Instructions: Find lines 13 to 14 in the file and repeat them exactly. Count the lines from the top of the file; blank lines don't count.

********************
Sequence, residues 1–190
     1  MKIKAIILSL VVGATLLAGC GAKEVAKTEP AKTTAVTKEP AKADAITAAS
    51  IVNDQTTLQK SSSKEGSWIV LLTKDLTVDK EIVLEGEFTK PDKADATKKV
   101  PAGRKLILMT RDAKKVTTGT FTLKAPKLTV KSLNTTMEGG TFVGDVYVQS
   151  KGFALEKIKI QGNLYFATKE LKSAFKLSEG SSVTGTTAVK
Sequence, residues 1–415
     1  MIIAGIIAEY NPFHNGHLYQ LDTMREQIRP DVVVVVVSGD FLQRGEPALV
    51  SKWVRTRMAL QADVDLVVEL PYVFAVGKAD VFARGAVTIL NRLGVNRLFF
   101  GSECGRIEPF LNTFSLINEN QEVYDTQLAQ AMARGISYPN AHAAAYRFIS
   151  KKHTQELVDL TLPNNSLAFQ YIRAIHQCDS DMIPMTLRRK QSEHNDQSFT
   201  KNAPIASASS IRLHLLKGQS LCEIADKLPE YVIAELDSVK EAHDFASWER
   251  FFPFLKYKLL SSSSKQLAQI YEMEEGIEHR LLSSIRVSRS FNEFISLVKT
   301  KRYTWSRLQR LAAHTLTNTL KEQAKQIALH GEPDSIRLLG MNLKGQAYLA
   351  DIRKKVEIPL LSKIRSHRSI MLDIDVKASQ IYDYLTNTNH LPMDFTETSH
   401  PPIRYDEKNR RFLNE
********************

   301  KRYTWSRLQR LAAHTLTNTL KEQAKQIALH GEPDSIRLLG MNLKGQAYLA
   351  DIRKKVEIPL LSKIRSHRSI MLDIDVKASQ IYDYLTNTNH LPMDFTETSH